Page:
Bringing a new puppy home for the first time is an exciting and joyous moment, and your new puppy will need a lot of love and affection while she settles into her new home.
However, before the big day arrives, there are some crucial decisions you’ll need to make to prepare for your pup’s arrival. For one, you’ll need to puppy-proof your home.
You’ll also need to decide on a few house rules, schedule that all-important first vet appointment, weigh the cost of pet insurance, and get the right supplies.
Here are a few basics to remember when preparing for your new puppy’s arrival.
Before your new pup arrives, you’ll need a few essential supplies to make her comfortable. You’ll need to buy her a comfy bed to sleep in and a crate if you plan to crate-train her.
You’ll need two bowls – one for food and one for water. A collar, ID tag, and leash or harness are essential for when you take your pup for walks, outings, or to the vet.
Starting lead training with a harness may be easier than attaching the lead to her collar – especially if your pup has never walked on a lead before. A car restraint is also an important safety item if you plan on traveling with your dog in the car frequently. For house training, purchasing puppy training pads will make housebreaking your pup more manageable and less messy.
Puppy-Proofing Your House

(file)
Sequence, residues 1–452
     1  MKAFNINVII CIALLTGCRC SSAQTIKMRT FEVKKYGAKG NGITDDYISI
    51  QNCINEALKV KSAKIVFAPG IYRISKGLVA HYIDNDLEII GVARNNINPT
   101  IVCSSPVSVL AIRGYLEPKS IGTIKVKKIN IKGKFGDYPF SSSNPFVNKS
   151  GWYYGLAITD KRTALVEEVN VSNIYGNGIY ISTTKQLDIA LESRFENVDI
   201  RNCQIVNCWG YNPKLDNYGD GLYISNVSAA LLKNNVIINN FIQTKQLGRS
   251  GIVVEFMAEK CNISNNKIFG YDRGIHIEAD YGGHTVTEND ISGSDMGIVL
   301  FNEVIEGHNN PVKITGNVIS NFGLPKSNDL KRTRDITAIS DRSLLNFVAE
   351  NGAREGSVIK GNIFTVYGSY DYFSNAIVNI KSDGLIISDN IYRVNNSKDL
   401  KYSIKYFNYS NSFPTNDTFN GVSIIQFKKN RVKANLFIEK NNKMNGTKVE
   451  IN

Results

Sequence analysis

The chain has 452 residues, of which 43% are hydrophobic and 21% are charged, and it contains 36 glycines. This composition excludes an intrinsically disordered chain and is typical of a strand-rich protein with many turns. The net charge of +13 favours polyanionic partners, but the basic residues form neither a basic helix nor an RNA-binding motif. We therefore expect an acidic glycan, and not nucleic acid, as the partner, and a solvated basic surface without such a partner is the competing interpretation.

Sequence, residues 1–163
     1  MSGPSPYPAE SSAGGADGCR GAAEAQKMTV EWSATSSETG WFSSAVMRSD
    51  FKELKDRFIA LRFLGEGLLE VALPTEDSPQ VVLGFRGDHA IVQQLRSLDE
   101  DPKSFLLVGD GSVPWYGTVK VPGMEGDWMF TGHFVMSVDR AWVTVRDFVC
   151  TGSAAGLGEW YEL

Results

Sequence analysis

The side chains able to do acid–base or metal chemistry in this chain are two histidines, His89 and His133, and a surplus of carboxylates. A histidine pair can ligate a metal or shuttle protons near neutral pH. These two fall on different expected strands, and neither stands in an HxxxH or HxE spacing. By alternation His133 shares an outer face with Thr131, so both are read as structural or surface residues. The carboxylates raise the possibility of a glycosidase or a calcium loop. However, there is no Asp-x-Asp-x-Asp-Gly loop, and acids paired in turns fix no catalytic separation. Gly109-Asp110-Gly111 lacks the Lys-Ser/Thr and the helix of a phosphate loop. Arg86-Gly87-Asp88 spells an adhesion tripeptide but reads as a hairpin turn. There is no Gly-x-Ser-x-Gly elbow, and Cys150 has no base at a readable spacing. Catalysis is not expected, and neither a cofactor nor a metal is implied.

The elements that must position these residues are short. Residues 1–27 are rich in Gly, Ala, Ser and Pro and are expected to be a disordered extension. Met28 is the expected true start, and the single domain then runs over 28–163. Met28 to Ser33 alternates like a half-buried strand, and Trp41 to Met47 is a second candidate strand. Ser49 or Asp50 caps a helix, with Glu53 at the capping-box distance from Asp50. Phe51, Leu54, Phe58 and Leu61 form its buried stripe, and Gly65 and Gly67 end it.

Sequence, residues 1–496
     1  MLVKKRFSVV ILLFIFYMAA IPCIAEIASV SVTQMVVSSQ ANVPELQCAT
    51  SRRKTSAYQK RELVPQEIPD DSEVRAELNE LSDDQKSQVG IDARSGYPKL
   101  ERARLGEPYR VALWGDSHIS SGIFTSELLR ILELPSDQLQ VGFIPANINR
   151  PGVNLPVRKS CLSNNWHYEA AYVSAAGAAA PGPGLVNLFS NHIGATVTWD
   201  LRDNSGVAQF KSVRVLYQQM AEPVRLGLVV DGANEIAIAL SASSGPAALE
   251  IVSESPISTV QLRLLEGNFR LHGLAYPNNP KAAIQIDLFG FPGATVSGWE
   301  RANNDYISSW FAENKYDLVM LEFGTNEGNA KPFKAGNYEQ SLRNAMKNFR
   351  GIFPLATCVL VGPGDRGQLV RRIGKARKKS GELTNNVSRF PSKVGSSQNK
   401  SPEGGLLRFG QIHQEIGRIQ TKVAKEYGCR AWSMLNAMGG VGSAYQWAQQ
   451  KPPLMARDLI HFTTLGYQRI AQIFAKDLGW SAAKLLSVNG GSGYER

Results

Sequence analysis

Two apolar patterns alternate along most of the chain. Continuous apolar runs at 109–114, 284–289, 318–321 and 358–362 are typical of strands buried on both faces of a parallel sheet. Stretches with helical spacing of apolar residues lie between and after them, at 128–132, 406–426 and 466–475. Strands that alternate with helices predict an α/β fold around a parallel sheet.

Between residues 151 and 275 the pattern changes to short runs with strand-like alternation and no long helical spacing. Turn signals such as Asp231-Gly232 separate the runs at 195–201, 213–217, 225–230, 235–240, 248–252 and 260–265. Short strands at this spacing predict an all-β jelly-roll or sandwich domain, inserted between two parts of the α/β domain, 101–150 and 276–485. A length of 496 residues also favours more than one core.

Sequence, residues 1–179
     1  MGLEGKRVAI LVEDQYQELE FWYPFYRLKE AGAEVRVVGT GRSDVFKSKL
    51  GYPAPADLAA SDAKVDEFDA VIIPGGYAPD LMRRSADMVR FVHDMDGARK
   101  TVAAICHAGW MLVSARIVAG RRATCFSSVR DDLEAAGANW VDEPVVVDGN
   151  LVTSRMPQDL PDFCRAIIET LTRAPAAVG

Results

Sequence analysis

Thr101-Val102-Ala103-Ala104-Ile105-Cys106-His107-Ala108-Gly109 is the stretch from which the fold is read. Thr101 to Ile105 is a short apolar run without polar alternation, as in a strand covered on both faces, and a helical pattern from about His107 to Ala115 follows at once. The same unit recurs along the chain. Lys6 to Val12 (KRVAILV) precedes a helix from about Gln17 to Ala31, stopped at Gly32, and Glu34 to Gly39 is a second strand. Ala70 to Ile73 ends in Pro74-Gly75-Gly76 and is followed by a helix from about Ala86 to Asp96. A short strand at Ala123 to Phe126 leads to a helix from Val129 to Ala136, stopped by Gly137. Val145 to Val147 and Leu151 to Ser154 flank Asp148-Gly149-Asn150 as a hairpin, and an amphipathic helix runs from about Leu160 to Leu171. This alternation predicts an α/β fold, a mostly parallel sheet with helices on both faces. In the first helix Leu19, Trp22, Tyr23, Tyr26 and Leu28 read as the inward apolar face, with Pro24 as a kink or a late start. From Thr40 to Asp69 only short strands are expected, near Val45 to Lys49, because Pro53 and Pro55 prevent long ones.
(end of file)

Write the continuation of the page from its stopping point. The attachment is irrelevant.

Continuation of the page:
Before your puppy comes home, decide where she will sleep at night. Crate training is popular among dog owners because it provides your puppy with a safe, quiet place to sleep. You should also decide where your pup will be fed and ensure the food is stored safely out of reach.
If areas of your home are unsafe for your puppy, you can cordon them off with baby gates. Ensure that your pool has a safety cover and that any cleaning products, fertilizers, pesticides, poisonous plants, cables, and other hazardous items are kept far away from your pup.
Finding a Veterinarian and Trainer
Training your puppy early will give them the best start and help them become well-behaved dogs. Teaching them new things will also provide them with valuable mental stimulation.
To find a reputable vet, check online reviews of the vets in your area and ask friends and family members for their recommendations. Once you’ve found a good vet, take your puppy in for a general checkup, ensure they are microchipped, and check that their vaccinations are up-to-date.
Getting Through the First Night
When the big day arrives, try to set your puppy up for success by making the transition as easy on them as possible. The first night your pup stays away from her mom will be the hardest – your puppy may cry or howl for the first week in her new home.
If you begin crate training on day one, you may be tempted to take your puppy out and console her when she cries. The best thing to do is place the crate close to you so she knows you are nearby.
Bear in mind that puppies cannot hold their bladders for an entire night, so you should take them out to do their business before bed, in the middle of the night, and first thing in the morning.